Coaching Skills for PMO Professionals - How they help everyone succeed
Read how developing great coaching skills could set you on the path to PMO career success and deliver great results for your business.
Traditionally, developing your career in the PMO was based on having great technical skills but increasingly this is no longer enough. Being a great PMO professional means becoming a trusted business partner who delivers services the business values and that requires supplementing your technical skills with coaching skills.
The growing need for Coaching Skills for PMO Professionals can be seen in the increasing number of job adverts for PMO roles asking for coaching skills, and that trend is growing as Agile Project Methodologies become more prevalent.
As I have worked with PMOs I have noticed how adding coaching skills has benefited team members at all levels, from the most junior to the PMO Leaders, and how actively developing them has boosted the team’s effectiveness and individuals’ careers.
So what do we mean by Coaching Skills for PMO Professionals?
For me, the best definition of coaching comes from Sir John Whitmore in his book Coaching for Performance, where he describes coaching as “unlocking a person’s potential to maximise their performance”.
Coaching skills span a whole continuum of ways to work with someone, from telling them what to do, through teaching, consulting, mentoring and coaching. As you move along the continuum, the focus shifts from the coach’s knowledge and agenda to that of the person being coached.
The coach uses their coaching skills and facilitates tools to improve the performance of others. The knack of finding a delicate balance of coaching which works for everyone is definitely more of an art than a science!
When I shared the continuum of coaching at a PMO Flashmob session most people found that they spent time moving up and down the scale from telling and showing to mentoring and coaching on a daily basis – and sometimes even within one meeting!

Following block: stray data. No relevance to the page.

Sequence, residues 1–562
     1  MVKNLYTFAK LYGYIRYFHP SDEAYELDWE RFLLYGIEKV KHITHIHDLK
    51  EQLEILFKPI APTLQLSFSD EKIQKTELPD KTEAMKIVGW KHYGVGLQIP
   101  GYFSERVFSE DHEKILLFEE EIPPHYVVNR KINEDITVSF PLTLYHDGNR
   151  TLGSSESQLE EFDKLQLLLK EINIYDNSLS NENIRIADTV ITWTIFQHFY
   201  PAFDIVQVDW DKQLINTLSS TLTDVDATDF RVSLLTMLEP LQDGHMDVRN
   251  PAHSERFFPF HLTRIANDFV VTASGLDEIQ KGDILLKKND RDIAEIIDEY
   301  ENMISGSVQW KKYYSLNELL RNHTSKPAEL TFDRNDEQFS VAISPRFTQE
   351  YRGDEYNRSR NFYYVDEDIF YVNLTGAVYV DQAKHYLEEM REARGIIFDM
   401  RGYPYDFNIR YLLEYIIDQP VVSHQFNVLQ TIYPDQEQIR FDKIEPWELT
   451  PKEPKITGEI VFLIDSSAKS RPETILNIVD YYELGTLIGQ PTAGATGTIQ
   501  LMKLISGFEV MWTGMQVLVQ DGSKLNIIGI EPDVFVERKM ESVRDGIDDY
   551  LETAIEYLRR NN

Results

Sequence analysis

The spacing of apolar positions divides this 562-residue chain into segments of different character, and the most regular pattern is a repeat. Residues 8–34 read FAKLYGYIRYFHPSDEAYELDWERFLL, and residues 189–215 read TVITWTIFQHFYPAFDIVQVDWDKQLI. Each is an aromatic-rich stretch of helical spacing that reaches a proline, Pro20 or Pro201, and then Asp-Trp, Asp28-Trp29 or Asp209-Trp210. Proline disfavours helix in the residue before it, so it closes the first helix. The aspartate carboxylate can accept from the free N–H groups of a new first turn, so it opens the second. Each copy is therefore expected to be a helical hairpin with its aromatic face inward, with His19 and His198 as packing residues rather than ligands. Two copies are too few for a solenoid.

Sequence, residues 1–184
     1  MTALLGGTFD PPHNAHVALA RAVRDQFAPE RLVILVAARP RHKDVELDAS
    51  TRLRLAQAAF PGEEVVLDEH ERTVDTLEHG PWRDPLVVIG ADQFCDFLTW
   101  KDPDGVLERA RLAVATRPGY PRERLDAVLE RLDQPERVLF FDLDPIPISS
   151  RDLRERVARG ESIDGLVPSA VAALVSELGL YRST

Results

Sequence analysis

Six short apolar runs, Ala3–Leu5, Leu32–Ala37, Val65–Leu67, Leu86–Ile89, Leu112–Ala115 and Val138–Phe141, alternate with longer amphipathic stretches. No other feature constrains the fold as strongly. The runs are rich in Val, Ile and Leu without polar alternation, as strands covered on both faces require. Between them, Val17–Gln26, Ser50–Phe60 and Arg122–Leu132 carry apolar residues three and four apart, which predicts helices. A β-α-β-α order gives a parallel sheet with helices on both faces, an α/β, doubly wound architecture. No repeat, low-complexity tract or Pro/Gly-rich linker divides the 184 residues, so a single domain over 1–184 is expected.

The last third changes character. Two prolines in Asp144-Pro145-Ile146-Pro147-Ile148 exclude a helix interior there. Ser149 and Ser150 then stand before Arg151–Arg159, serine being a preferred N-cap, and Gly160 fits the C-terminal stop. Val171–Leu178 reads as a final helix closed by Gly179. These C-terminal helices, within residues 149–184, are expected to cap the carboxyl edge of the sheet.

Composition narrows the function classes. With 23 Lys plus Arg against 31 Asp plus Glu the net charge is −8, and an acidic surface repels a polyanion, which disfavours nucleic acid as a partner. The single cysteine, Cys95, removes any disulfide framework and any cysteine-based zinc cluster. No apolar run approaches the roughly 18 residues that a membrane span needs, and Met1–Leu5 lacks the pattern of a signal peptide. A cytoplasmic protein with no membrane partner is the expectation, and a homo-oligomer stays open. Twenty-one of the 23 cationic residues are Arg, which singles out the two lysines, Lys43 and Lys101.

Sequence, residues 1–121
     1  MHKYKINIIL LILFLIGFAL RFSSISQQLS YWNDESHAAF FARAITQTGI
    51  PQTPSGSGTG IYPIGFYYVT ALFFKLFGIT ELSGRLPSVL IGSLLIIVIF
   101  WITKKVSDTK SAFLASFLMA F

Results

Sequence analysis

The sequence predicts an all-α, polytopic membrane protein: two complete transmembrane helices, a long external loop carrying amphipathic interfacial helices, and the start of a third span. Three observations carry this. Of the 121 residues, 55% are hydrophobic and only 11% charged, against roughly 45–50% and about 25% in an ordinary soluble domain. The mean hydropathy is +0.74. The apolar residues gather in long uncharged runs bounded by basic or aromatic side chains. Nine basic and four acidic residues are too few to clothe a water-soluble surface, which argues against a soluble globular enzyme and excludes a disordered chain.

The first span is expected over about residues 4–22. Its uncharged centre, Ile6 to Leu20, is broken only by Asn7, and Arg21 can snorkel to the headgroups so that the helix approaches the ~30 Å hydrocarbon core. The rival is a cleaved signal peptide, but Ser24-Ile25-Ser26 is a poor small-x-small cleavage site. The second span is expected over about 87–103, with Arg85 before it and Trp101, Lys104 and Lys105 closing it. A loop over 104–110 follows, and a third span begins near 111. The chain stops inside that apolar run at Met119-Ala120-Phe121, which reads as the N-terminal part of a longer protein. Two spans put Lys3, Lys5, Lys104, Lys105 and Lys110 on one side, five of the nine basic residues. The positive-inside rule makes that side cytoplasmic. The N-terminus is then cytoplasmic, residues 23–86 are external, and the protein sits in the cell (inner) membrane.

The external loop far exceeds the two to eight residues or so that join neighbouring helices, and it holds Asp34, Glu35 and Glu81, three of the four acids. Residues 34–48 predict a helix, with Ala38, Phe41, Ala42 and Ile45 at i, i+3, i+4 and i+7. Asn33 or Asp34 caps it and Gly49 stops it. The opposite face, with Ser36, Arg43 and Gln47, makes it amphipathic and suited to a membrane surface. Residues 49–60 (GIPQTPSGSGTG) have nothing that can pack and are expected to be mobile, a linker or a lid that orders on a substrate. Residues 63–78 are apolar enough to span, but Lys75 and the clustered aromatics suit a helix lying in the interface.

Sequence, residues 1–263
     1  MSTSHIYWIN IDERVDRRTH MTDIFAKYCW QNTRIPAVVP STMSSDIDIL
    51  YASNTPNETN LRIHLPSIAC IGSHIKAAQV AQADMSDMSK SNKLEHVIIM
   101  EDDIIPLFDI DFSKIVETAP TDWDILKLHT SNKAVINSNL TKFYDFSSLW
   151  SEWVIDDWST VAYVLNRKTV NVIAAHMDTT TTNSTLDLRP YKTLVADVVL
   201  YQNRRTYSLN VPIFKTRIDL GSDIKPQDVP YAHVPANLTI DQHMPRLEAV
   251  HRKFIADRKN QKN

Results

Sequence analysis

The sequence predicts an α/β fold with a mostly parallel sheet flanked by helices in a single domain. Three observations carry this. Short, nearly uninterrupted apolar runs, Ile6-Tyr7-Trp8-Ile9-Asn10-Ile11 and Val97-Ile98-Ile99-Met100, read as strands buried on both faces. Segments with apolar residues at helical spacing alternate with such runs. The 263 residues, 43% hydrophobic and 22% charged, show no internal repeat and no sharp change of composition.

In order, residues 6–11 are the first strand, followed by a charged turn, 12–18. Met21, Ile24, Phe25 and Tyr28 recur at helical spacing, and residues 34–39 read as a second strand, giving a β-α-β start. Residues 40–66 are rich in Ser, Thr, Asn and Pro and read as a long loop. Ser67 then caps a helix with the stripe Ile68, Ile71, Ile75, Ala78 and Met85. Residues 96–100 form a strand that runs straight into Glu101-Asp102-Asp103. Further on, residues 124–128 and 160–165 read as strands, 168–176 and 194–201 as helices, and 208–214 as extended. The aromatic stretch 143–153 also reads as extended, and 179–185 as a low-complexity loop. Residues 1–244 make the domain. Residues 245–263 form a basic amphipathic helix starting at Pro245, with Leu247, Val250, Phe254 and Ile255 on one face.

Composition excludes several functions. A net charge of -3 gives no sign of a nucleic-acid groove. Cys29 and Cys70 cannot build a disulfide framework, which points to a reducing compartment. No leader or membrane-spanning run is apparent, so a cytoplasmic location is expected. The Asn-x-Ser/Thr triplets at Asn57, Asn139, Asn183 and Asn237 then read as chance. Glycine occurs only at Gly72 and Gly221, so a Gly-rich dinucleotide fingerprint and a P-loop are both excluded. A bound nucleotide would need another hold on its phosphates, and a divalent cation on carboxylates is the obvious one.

Why does having coaching skills matter in the PMO?
Last year, the AIPMO (Association of International Project Management Officers) Advisory Board published a list of seven principles for PMO practitioners, four of which relate directly to coaching skills for PMO:
- Sponsorship (PMO Principle 1)
Coaching skills are not just for training your staff; you can use them to build your relationship with your sponsors using coaching skills, which is critical to your success. With an improved understanding of their agenda, and an ability to help them articulate what needs to change and why, it is easier to explain your solutions and get their buy in. The skills developed in coaching will also help you align agendas within the business.
- Challenge (PMO Principle 4)
The skilful use of coaching tools will provide objective, rational and constructive challenges as you help your stakeholders explore situations and understand the options they have. In doing so, they will also allow you to create and develop trusted partnerships.
- Exemplar (PMO Principle 6)
In the course of using your coaching skills, you lead by example. A consultative coaching-based approach has consistently been shown to be the most effective at leading change. And, at the end of the day, your role is to effect change.
- Improvement (PMO Principle 7)
The very definition of coaching is to facilitate improvement, which is why this is the last – but most definitely not the least important – of the principles for PMO practitioners.
Developing Coaching skill for PMO Professionals
As I have already mentioned, coaching skills are not just for those in PMO leadership roles; they are useful for all those working in the PMO. They can make a huge difference even at the most junior level. Imagine you have been asked to compile the minutes for a meeting. This requires listening skills, the ability to summarise and report accurately what has been said, and the ability to ask questions which clarify thinking. Holding these skills can make a huge difference to the quality of minutes being taken and their usefulness.
As your career progresses, you may find yourself training others, or switching between consulting and coaching roles. For example, one of the project leaders you are working with may hit a problem and require your help to work out how to get through it – and your coaching skills will be invaluable.
Coaching skills for PMO are beneficial to everyone working within a team, not just for those in management roles but for many different work situations and at different stages of your career. They help a project run smoothly, with better communication and greater clarity all round. To be the best PMO professional you can be, you need to work on developing these coaching skills and keep building upon them throughout your career.